A few years ago, there was no way I could afford to make the leap, quitting my job to start a business.
At the time, my husband was in a contract position and I was the breadwinner with benefits. We also paid our babysitter’s salary since our youngest child wasn’t in school yet.
Once my husband got a permanent position with comparable benefits and our child started kindergarten, our financial situation shifted in my favor. Although I could have stayed at my day job longer to boost my emergency fund, the deep desire I had to get started now, helped me realize there was no perfect time—the time was now.
Answer these questions for yourself:
• Can you handle this financially?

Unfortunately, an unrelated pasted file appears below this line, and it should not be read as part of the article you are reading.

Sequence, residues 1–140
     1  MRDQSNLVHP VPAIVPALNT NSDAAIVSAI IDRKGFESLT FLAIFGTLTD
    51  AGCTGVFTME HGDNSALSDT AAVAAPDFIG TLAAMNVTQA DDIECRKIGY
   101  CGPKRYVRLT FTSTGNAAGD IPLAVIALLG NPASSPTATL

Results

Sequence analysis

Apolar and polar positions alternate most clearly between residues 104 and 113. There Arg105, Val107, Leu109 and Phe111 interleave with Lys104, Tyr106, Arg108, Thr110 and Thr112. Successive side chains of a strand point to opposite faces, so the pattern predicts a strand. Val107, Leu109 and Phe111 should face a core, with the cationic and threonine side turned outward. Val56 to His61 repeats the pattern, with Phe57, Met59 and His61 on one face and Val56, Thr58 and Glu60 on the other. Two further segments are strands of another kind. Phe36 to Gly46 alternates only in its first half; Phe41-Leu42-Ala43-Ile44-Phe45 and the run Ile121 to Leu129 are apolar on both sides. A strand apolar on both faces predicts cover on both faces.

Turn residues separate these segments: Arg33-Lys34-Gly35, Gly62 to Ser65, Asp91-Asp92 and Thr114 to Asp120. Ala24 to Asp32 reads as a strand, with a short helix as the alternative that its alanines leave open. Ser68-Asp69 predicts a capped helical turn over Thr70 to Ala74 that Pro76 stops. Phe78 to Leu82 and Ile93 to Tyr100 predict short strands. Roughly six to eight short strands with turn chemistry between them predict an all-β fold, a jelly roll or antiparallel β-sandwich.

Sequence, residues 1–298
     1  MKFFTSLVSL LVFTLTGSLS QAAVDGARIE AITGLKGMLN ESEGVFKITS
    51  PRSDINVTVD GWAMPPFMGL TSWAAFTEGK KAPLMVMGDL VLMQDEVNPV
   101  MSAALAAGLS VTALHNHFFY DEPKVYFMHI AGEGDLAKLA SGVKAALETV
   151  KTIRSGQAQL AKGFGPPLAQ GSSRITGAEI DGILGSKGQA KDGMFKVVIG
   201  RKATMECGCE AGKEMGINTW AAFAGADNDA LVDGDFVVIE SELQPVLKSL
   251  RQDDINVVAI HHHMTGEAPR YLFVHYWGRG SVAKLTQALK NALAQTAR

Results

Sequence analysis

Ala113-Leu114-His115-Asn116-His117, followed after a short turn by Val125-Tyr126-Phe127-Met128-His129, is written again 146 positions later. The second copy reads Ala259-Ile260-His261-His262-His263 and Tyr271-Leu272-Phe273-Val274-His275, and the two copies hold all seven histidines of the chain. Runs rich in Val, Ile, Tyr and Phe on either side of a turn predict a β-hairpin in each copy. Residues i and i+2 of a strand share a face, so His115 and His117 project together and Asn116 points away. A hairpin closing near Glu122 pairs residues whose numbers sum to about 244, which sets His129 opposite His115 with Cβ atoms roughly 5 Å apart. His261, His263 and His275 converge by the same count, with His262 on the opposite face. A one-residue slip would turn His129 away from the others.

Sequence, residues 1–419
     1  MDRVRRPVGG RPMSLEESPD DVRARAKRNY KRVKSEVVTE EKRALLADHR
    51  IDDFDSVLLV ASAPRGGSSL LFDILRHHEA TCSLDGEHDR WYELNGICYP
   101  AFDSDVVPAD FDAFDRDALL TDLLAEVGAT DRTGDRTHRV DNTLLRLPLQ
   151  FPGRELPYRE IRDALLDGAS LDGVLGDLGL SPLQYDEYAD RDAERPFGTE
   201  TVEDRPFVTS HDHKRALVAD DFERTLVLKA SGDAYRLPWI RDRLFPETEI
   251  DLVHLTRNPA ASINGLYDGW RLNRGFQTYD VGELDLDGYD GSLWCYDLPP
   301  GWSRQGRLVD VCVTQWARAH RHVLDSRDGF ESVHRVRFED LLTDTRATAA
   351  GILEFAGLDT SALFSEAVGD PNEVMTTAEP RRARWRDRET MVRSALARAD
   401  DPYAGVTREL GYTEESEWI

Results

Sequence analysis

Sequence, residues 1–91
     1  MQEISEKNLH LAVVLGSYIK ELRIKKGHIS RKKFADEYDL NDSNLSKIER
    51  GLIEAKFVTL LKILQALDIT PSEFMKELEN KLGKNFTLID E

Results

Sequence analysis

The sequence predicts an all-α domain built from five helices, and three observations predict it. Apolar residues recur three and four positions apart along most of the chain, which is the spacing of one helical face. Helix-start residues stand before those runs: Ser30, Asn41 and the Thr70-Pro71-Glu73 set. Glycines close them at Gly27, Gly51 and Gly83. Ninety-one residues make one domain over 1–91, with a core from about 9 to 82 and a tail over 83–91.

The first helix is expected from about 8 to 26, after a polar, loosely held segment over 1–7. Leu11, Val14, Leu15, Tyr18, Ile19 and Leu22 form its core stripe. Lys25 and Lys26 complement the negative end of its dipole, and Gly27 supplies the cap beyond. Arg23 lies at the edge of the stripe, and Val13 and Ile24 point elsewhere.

• Could your spouse or parent support you if something unexpected happens?
• Are there big expenses you can cut back on or eliminate?
• Can you afford to wait in order to save more money?
The last thing you need immediately after launching into self-employment is fear and anxiety over the dropping numbers in your checking account. Set yourself up with enough of a financial cushion that you won’t be out on the street if things don’t go according to best-case scenarios within the first few months.
5. Am I Still Learning or Just Executing?
For years, my day job provided me with immense learning opportunities for which I am extremely grateful.
But there comes a time in every person’s career where the work becomes less challenging and dare I say, boring.